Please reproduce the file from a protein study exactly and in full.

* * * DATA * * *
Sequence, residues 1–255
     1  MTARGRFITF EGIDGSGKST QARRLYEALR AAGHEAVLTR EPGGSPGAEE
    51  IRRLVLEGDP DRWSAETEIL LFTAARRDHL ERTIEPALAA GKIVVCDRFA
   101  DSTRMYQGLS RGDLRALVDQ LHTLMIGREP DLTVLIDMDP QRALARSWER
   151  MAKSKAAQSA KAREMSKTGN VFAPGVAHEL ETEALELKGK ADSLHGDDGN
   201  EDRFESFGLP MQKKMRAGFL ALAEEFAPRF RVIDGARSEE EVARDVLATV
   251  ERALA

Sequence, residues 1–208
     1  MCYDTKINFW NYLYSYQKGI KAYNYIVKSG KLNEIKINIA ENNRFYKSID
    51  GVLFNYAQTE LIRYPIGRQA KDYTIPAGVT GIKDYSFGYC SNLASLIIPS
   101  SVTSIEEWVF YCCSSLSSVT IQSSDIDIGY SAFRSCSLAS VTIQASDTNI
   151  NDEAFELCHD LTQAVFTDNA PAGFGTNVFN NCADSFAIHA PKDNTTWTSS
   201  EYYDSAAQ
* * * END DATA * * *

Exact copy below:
Sequence, residues 1–255
     1  MTARGRFITF EGIDGSGKST QARRLYEALR AAGHEAVLTR EPGGSPGAEE
    51  IRRLVLEGDP DRWSAETEIL LFTAARRDHL ERTIEPALAA GKIVVCDRFA
   101  DSTRMYQGLS RGDLRALVDQ LHTLMIGREP DLTVLIDMDP QRALARSWER
   151  MAKSKAAQSA KAREMSKTGN VFAPGVAHEL ETEALELKGK ADSLHGDDGN
   201  EDRFESFGLP MQKKMRAGFL ALAEEFAPRF RVIDGARSEE EVARDVLATV
   251  ERALA

Sequence, residues 1–208
     1  MCYDTKINFW NYLYSYQKGI KAYNYIVKSG KLNEIKINIA ENNRFYKSID
    51  GVLFNYAQTE LIRYPIGRQA KDYTIPAGVT GIKDYSFGYC SNLASLIIPS
   101  SVTSIEEWVF YCCSSLSSVT IQSSDIDIGY SAFRSCSLAS VTIQASDTNI
   151  NDEAFELCHD LTQAVFTDNA PAGFGTNVFN NCADSFAIHA PKDNTTWTSS
   201  EYYDSAAQ